Sunday, December 23, 2007

How to Have a SWEET Christmas

Appraising Your Success
The end of the week is a good time to review the past week of your SWEET Life and count up your accomplishments. Your goal is 5-6 times per week for each aspect of the SWEET Life: Sleep, Water, Eating, Exercise, and Tranquility. If you didn’t achieve some of your goals for the week, then next week, focus on those areas more and think about how to fulfill them more consistently.
How do you feel at the end of this week? Are you better rested? Do you feel relaxed? Are you more energetic? Do you feel generally healthier? Continue with the SWEET Life and you’ll experience all of these feelings!

Topic of the week - How to Have a SWEET Christmas

Here, I expose my religious orientation, which is Christian. If you do not celebrate Christmas, you might be able to apply these ideas to a holiday that you do celebrate. If you do celebrate Christmas, here are some suggestions for how to have a SWEET Merry Christmas.

If you have kids, tell them to go to bed early because the earlier they to go sleep, the earlier Santa will come. Also tell them they can’t leave their bedrooms until it’s light outside (~7:00 a.m.). Once it’s light, they should wake you up and only open their stockings before you are there (or whatever other restrictions you want to set). At the same time, you should also have your visit with Santa as early as possible (remember, gifts from Santa aren’t necessarily wrapped) so that you can go to bed early too. And don’t eat Santa’s cookies & milk just before bed because the sugar could give you strange dreams and disrupt your sleep.

It’s easy to forget and to be too busy to drink water on Christmas day. Here are a few suggestions that might help you remember to hydrate yourself:
· Drink water each time you eat
· Drink water between alcoholic drinks
· If you’ll be at your own home, have a cup in the bathroom and drink some water each time you go in there.

Don’t “save up” and only eat Christmas dinner because of the “interest” that accrues when you starve yourself. You always hear that you’ll eat more at that one meal if you starve yourself beforehand. Well, I always thought that made sense because the extra calories at that one meal make up for not eating breakfast or lunch. However, what actually happens is that you “accrue interest” and end up eating more total daily calories and more fat, salt and sugar calories when you starve yourself then gorge yourself on one meal. Besides that, you will feel stuffed and uncomfortable for several hours after eating a huge meal.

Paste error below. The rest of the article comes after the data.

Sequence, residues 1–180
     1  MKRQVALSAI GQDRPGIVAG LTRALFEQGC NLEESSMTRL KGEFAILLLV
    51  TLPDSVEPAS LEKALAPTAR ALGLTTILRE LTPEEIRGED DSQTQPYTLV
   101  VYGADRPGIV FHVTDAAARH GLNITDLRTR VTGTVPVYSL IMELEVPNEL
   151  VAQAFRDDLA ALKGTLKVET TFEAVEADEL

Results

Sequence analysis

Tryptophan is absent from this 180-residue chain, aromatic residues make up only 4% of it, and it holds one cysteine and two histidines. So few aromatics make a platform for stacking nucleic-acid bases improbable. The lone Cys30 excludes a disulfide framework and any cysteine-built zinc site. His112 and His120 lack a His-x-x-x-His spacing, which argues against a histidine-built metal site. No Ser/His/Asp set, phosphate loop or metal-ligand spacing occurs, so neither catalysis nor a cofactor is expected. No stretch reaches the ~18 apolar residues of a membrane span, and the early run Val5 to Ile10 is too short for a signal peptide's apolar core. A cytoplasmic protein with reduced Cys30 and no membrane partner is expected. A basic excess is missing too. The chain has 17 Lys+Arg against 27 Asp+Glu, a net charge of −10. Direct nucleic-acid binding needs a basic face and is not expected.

Now that I’ve convinced you not to starve yourself all Christmas day, be conscientious to eat nutritiously during the other meals of the day. Eat small, simple meals of fruits and veggies and whole grains. These foods have a low glycemic index and a high nutrient content, which means they will keep your blood sugar (i.e., energy) level consistent and add the vitamins and minerals that you might miss in your big, Christmas dinner.

At the same time, and most importantly, enjoy your Christmas dinner! Like I said at Thanksgiving, serve yourself just a few bites-worth of each dish. If you don’t like something, don’t waste stomach space and calories by eating it. Just leave the rest, which will only be 1-2 bites-worth anyway. Holiday feasts tend to be high in protein, fat and high-calorie, low-nutrient carbs. Therefore, load up on any fruits and veggies that you can to get some balance in your nutritional load.

Another way to help control your eating is to wear close-fitting clothes with a belt to prevent yourself from eating too much. Remember the Hawaiians: they wore loose-fitting muumuus and weighed 300 lb. Don’t eat like a Hawaiian.

You’ll feel more comfortable and consume fewer calories and more healthy nutrients if you do the above.

My first thought is: skip it; it’s Christmas!
However, my husband’s family likes to take a walk together after a noontime Christmas dinner. It’s actually very nice to get out in the fresh air and move around a bit after sitting around and eating so much. If the weather continues as is, we should have a beautiful sunny day for taking a nice family walk.

Tranquility could be an easy, natural part of Christmas.
Or Christmas could be stressful due to family relations, having too much to do, having too much to cook and prepare for the family, etc. If Christmas = stress, then you definitely need to plan some Tranquility into your day. It’s a great Christmas gift to yourself. Tell your family you need ½ hr. (or 1 hr.), so they know to leave you alone. Consider your schedule for the day, and decide if, mentally, you need it before the onslaught of Christmas or after it, in order to unwind from the day. Here are some examples:
· Go to church; ‘tis the reason for the season.
· Morning: take a bath with nice bath oil or salts, a candle, and peaceful Christmas music to start your day.
· Noon: After opening gifts with your immediate family and before your afternoon or evening extended family gathering, take a walk, or have a family “Quiet time” when everyone does something quietly, like read a book, newspaper, or magazine; play with new, quiet toys; watch a football game, etc.
· Evening: If your Christmas celebration ends by the early evening, it’s a good time to take a walk and enjoy the Christmas lights in your neighborhood, watch a Christmas movie, use a Christmas gift (if you received anything relaxing), etc.

Christmas should be a fun, happy celebration. It’s up to you to make sure you have a SWEET, wonderful day.

Merry Christmas!


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